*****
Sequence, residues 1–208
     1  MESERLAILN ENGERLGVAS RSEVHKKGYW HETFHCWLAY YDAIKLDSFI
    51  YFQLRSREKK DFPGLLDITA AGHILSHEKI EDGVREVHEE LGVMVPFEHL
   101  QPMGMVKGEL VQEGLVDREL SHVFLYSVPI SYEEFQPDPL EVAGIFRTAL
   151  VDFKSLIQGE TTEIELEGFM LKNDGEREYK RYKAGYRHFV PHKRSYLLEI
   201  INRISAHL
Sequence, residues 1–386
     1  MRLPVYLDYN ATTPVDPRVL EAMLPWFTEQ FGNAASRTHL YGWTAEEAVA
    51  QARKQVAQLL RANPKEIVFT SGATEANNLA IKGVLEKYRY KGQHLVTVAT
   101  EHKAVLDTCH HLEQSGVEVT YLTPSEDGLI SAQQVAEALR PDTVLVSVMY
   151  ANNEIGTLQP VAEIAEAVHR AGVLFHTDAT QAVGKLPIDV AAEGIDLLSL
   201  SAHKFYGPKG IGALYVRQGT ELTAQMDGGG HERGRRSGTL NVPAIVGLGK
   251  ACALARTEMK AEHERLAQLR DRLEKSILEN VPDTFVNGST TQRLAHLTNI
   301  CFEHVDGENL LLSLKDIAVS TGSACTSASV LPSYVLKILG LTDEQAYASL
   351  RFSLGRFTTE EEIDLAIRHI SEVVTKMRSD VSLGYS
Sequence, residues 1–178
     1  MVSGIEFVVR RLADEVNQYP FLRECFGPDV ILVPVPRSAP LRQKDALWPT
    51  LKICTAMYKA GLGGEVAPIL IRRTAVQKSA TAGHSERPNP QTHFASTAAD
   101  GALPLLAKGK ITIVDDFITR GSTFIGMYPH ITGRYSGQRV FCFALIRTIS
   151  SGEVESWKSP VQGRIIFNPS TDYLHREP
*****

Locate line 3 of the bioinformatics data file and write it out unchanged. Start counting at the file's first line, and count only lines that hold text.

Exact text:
    51  YFQLRSREKK DFPGLLDITA AGHILSHEKI EDGVREVHEE LGVMVPFEHL